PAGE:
They finished as semi-finalists twice and ended as runners-up in 2009. They earned the title in 2000. Such has been New Zealand‘s history as they enter the forthcoming edition of ICC Champions Trophy in England and Wales. Termed as a ‘ruthless’ competition by many captains, owing to its rapid nature, it will test the ICC World Cup 2015 runners-up who will be up against some quality sides in the preliminary round. The responsibility lies on a 26-year-old Kane Williamson‘s shoulders to regain the trophy after more-than-a-decade.
The main draw will kick off from June 1. Hosts England will take on a much-improved Bangladesh in the inaugural contest. New Zealand are placed in Group A, which comprises of title contenders like Australia, England and a competitive Bangladesh unit. The marquee event does not give much breathing space to any side. All teams will play 3 games in the group stages and hope to win at least 2 to qualify for the knockouts.
Practically speaking, any side can have an off day. But this two-week long tournament gives minimal space for complacency. New Zealand will be on their toes against top sides like Australia and England, and not take their game versus Bangladesh lightly as well.
For an ideal ODI side, one should have players for all occasions. In modern-day 50-over format, a team’s fortunes are known by how they fare in the decisive middle overs. Momentum in the ’15-40 overs’ keeps a side going in the fag end of the innings. It is all about breaking the 100-over contest into small phases, setup different goals and try to achieve them heading into the climax. It demands being wisely calculative and changing game plans if and when required.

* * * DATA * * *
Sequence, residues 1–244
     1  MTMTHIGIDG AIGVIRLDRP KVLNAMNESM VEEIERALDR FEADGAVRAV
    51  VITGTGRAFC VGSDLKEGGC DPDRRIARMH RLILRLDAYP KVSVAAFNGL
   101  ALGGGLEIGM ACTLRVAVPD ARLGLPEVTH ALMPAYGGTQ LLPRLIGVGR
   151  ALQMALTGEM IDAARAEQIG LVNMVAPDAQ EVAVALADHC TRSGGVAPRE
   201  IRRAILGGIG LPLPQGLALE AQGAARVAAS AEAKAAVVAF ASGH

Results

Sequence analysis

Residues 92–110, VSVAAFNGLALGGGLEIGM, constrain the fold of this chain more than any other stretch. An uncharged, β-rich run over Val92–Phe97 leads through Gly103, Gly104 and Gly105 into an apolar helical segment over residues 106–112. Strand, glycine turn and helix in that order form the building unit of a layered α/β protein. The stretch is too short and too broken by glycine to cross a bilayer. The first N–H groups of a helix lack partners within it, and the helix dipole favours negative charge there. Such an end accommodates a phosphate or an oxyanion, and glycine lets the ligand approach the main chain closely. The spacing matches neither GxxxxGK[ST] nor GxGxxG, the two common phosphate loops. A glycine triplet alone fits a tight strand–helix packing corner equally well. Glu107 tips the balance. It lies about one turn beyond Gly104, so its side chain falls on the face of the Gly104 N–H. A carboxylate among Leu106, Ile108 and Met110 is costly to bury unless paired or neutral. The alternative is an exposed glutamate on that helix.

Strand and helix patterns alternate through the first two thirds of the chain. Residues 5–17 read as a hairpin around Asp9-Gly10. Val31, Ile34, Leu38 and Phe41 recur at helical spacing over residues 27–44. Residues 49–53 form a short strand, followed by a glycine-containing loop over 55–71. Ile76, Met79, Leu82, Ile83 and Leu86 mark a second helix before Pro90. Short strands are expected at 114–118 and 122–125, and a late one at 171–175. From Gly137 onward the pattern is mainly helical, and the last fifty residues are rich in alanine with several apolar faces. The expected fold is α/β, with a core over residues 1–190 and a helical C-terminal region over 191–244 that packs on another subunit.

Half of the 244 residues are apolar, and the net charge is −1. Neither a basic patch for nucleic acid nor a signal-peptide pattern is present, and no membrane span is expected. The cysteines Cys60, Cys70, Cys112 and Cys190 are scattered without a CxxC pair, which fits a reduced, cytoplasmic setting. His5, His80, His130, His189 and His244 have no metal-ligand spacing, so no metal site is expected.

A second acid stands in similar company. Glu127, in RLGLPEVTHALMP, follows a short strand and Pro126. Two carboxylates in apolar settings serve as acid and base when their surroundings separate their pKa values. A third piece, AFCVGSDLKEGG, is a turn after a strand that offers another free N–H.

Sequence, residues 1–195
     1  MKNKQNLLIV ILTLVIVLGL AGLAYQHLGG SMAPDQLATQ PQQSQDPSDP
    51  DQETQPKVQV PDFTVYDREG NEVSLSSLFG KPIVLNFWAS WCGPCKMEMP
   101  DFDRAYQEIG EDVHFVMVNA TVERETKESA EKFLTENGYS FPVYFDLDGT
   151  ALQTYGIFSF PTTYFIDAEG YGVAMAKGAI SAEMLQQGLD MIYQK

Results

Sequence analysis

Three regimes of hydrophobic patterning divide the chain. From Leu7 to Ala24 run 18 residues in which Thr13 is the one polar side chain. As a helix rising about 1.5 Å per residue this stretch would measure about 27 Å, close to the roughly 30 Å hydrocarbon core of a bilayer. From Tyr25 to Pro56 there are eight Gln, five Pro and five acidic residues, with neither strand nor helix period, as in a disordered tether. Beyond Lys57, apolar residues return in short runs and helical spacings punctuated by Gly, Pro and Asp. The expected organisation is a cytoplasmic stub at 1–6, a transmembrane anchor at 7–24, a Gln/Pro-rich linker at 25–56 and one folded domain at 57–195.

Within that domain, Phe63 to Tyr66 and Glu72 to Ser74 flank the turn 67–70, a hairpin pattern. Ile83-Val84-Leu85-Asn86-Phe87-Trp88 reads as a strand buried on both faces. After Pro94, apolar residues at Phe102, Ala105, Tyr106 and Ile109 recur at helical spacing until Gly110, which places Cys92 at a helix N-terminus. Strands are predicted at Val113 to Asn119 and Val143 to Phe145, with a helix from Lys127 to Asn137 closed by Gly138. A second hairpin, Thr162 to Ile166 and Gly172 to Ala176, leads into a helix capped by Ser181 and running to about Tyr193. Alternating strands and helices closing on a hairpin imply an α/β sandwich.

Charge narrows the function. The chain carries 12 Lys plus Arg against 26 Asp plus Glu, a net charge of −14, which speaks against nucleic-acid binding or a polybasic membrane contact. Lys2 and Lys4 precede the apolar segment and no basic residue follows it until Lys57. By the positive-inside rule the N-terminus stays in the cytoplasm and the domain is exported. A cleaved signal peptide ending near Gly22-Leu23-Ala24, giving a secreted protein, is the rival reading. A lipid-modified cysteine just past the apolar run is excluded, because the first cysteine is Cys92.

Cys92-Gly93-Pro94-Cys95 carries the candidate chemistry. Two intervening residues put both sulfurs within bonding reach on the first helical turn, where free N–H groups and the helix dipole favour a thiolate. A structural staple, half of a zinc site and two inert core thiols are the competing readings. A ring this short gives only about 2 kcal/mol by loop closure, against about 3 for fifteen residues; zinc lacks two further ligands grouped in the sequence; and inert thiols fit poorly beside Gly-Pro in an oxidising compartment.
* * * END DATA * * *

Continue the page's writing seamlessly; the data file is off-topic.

Of course, a lot depends on the conditions and pitch as well. The pitch, in most cases, will be batsmen-friendly but the conditions in England will be open for bowlers. This gives enough scope for good contest between bat and ball. New Zealand have players for all situations. Williamson, Ross Taylor, Neil Broom and Martin Guptill will lead the top order and anchor the innings. They will be eager to keep the scoreboard ticking and build a platform for floaters like Colin de Grandhomme, Corey Anderson and James Neesham.
The Kiwis have a deep batting line-up. With the likes of wicketkeeper-batsman Luke Ronchi, Mitchell Santner and Tim Southee, they will be hopeful of recovering from a hypothetical position, say 178 for 7 in 38 overs. Talking about their bowling, Southee’s off cutters, wicket-to-wicket lines, Trent Boult’s toe-crunching yorkers, Mitchell McClenaghan (second highest wicket-taker in previous edition) and Adam Milne’s pace adds variety to the pace battery.
In the spin department, in-form Santner and Jeetan Patel will be hopeful of curbing the run-flow in middle overs. However, they may miss the services of a leg spinner. If required, Williamson will also roll his arms and sneak in with some quiet overs.
To top it all, New Zealand were one of the first major sides to move on from the hullabaloo of Indian Premier League (IPL) 10. They are already in the 50-over mode (playing in a tri-series in Ireland) and will have adequate match practice ahead of their first encounter.
In the hindsight, Kiwis’ biggest challenge will be to cope up with their group nemesis. It comprises of favourites like Australia and England. In short, they won’t have a single ‘easy’ game in the competition.
The likes of, Broom, Neesham, , and de Grandhomme will be participating in their maidenICC event. Their temperament and nerves will be under check.
Barring the last World Cup, New Zealand have never been regarded as ‘title contenders’ ahead of any ICC trophy. They have continued to remain stagnant as ‘underdogs’ or ‘dark-horses’ despite featuring in the knockouts from time to time. They will be eager to get rid of their ‘dark-horse’ image and press hard for a better reputation. The camp’s mindset will be under the radar as well.